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Movie Review: One-liners, slapdash sci-fi in 'Lockout'
If a futuristic space prison with 500 of the world's most violent and dangerous criminals cryogenically frozen was to somehow undergo an inmate revolt, who would emerge as the unquestioned leader of such an intergalactic gang of gruesome murders?
Why the Scots, of course.
At least that's according to the sci-fi circa 2079 action flick "Lockout," directed by a pair of Irish filmmakers: James Mather and Stephen St. Leger. They co-wrote it with producer Luc Besson, the prodigious if seldom proficient French action filmmaker.
The MS One is a hulking, orbiting jail that puts its prisoners in "stasis," or a deep sleep. (And you thought incarceration costs are high now?) But while the president's daughter, Emilie (Maggie Grace), visits MS One to question its methods, a prisoner easily gets loose and soon the ship is overrun by criminals who immediately fall in line behind the Scottish Alex (Vincent Regan) and his more psychotic sibling Hydell (Joe Gilgun).
Two secret service men take charge of the hostage rescue ' the hawkish Langral (played by the always interesting Peter Stormare, whose odd Swedish rhythms made him a Coen brothers favorite) and the more measured Shaw (Lennie James).
Obviously, such awkward circumstances can only be resolved by a solo, heroic mission from a reluctant, irascible protagonist. Ours is Snow (Guy Pearce), an agent who has been unjustly deemed a criminal after a mission gone wrong, but is given the chance to win his freedom by saving the president's daughter.
He's seemingly the last person left in a grim, briefly glimpsed industrialized world (the Oval Office has been lowered into a bunker) who still smokes and carries a Zippo. Clad in a T-shirt that reads "Warning: Offensive," he speaks almost entirely in sarcastic one-liners. We first see him taking a brutal interrogation beating and explaining his whereabouts to Langral as busy "trampolining your wife."
Though few of these lines land, Snow's relentless tongue-in-cheek patter has a mounting effect, like an annoying TV ad campaign. This is a brawnier Pearce ("L.A. Confidential," ''Mildred Pierce") and if "Lockout" is meant as an action hero audition, he certainly has the needed charisma.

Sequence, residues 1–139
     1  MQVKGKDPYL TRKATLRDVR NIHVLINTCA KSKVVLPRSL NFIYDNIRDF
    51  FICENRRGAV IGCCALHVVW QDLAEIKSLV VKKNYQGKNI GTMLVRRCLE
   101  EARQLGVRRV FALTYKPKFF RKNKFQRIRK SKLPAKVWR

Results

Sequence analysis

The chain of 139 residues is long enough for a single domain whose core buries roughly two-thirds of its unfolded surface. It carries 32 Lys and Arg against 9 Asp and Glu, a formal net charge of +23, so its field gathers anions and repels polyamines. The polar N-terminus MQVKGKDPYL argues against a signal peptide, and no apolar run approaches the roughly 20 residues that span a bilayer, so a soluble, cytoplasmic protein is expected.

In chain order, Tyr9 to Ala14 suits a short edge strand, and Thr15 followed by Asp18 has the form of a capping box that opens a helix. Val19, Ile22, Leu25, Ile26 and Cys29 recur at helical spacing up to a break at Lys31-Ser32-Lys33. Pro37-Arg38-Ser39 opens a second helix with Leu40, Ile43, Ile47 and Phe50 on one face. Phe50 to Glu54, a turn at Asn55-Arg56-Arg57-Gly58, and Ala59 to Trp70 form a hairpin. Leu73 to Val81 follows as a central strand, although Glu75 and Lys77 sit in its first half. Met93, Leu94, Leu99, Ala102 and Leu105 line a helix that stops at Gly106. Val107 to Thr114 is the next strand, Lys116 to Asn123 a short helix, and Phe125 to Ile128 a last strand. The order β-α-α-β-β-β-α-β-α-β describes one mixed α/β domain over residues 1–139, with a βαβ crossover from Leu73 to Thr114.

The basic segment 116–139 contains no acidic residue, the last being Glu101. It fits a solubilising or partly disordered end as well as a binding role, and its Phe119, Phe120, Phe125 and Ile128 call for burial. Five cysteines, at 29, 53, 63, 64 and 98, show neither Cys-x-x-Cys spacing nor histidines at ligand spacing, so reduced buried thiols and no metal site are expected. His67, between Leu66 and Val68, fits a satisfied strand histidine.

He's the only reason to see "Lockout," along with Grace, who has an easy chemistry with Pearce. They spend much of the film bantering competitively while navigating the corridors of the MS One, a labyrinth of "Star Wars"-like hallways. (Just what is our fascination with horizontally closing "blast doors" that makes us so certain this is the future of doorways?)
The cheap visual effects are so bad that you'll be wondering if you misplaced your 3-D glasses. But, no, the digital backgrounds of some scenes really are that undefined, the kind of work video game makers would scoff at.
Such deficiencies could and perhaps should be overlooked when it comes to B-movies, whose electricity are ideally fueled from raw immediacy rather than deep budgets. But in the case of "Lockout," the cheapness only reinforces the overall slipshoddiness and lack of inventiveness.
It's of a piece with the rest of "Lockout": cavalierly conceived, generically titled and derivatively plotted. It feels like a missed chance because Pearce and Grace came ready to play.
"Lockout," a Film District release, is rated PG-13 for intense sequences of violence and action, and language, including some sexual references. Running time: 95 minutes. Two stars out of four.
Motion Picture Association of America rating definitions:
G ' General audiences. All ages admitted.
PG ' Parental guidance suggested. Some material may not be suitable for children.
PG-13 ' Special parental guidance strongly suggested for children under 13. Some material may be inappropriate for young children.
R ' Restricted. Under 17 requires accompanying parent or adult guardian.
NC-17 ' No one under 17 admitted.